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Al Gore as corporate stooge?

I missed a lot of big stories during my recent hiatus, but my friend Mal seems to think that Al Gore's Nobel Peace Prize is among my most egregious abdications of duty. What's not clear is why. In my mind the Peace Prize is even less significant than Time's Man of the Year, and you and I've both won that one ourselves, Mal.

Here's an exercise for the readers. If a "peace" prize has been awarded to the likes of Henry Kissinger, Le Duc Tho, and Yasser Arafat, how much can it really be worth? Wait, I actually know the answer to this. It's exactly whatever the cash value of the prize is these days, which I'm too lazy to look up.

And at least for the past few years, the award has been synonymous with "Best Liberal Performance on the World Stage," so I submit that Gore's joining the ranks of political has-beens like Jimmy Carter is appropriate.

But all of this is beside the point. Why did Gore win the Nobel Peace Prize this year? Because this is the year that he ceased being a real threat to global corporate hegemony. Did any of you guys actually see his movie? After an hour and a half of all the "WE'RE ALL GONNA DIE!!!" hysteria, what are his solutions? Recycle and buy compact fluorescent light bulbs. Meanwhile, the rest of us Hollywood and Washington elites will continue to jet around to Oslo and Hollywood on private planes to give acceptance speeches, with each such flight completely undoing the annual conservation efforts of scores of Gore-ists eco-warriors.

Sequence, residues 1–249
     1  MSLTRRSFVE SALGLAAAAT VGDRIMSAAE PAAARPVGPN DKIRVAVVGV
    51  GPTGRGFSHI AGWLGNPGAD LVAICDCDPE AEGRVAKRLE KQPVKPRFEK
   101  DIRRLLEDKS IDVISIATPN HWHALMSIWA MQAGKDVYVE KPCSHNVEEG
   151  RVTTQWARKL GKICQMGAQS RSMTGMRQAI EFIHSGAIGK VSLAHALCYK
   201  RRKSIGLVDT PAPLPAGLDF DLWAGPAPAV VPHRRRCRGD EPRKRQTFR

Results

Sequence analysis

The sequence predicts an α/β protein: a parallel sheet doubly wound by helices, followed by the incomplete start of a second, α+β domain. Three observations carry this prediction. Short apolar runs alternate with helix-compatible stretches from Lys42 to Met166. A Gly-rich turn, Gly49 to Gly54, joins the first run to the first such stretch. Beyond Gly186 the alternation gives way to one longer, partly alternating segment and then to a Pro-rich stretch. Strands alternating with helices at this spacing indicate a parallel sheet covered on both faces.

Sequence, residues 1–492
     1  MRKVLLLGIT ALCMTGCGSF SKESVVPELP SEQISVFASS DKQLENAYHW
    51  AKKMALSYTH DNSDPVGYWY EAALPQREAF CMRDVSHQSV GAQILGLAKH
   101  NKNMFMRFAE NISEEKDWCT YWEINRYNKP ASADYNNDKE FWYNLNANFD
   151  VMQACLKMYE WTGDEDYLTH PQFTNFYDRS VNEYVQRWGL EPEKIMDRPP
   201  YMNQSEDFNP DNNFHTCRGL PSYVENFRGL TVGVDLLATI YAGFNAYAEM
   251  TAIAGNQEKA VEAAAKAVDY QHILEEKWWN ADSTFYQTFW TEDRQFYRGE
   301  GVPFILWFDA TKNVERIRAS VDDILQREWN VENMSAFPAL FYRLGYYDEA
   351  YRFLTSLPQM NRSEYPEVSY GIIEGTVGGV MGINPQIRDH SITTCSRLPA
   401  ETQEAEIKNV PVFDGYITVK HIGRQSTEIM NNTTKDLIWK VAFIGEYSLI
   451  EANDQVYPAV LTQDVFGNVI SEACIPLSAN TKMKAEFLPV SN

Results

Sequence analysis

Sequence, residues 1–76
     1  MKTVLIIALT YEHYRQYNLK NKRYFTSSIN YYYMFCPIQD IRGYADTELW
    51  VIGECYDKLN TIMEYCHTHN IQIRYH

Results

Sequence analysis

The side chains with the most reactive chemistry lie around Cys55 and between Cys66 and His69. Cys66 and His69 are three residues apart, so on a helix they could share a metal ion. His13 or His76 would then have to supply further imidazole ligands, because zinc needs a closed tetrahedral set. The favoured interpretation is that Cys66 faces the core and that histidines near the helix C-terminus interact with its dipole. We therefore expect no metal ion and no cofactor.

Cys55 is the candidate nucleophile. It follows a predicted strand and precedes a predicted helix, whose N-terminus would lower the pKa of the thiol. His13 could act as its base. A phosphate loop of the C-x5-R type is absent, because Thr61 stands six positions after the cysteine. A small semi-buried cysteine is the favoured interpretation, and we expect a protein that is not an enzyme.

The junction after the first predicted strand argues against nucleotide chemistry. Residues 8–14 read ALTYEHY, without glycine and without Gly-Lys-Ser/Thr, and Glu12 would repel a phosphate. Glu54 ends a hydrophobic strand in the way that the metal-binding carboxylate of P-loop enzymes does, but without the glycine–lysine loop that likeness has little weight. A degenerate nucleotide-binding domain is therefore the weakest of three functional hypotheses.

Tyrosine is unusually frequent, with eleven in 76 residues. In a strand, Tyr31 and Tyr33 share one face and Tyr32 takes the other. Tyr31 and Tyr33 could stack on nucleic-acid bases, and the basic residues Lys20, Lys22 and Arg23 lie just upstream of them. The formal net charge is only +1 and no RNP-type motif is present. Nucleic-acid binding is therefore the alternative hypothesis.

What Al Gore has done is transform the anti-global warming effort into a retail phenomenon, shifting the onus of sacrifice away from governments and giant multinational corporations. Case in point? A friend of mine works for a company that's one of New Jersey's top polluters (and which shall remain nameless.) This company recently adopted a new "green" policy. Dpes that mean the company will scale back its greenhouse gas emissions? No,it means that all the employees are encouraged to stop using plastic forks and spoons to eat their lunch, and to bring silverware from home instead.

That's why Gore is being celebrated on the world stage, and why the corporate elite are so newly willing to embrace him and his message. The corporate leaders get the good PR of appearing "green," while any inconvenient notions of sacrifice are confined to peons like you and me. That's why I disagree with much of what Paul Krugman says here but do agree with him on one point: I can't understand the vitriol that some on the right are heaping on Al Gore in the wake of this award. Gore, like most other recent recipients of the Nobel Peace Prize, has won it largely because he's been defanged, and no longer represents a threat to the powers that be.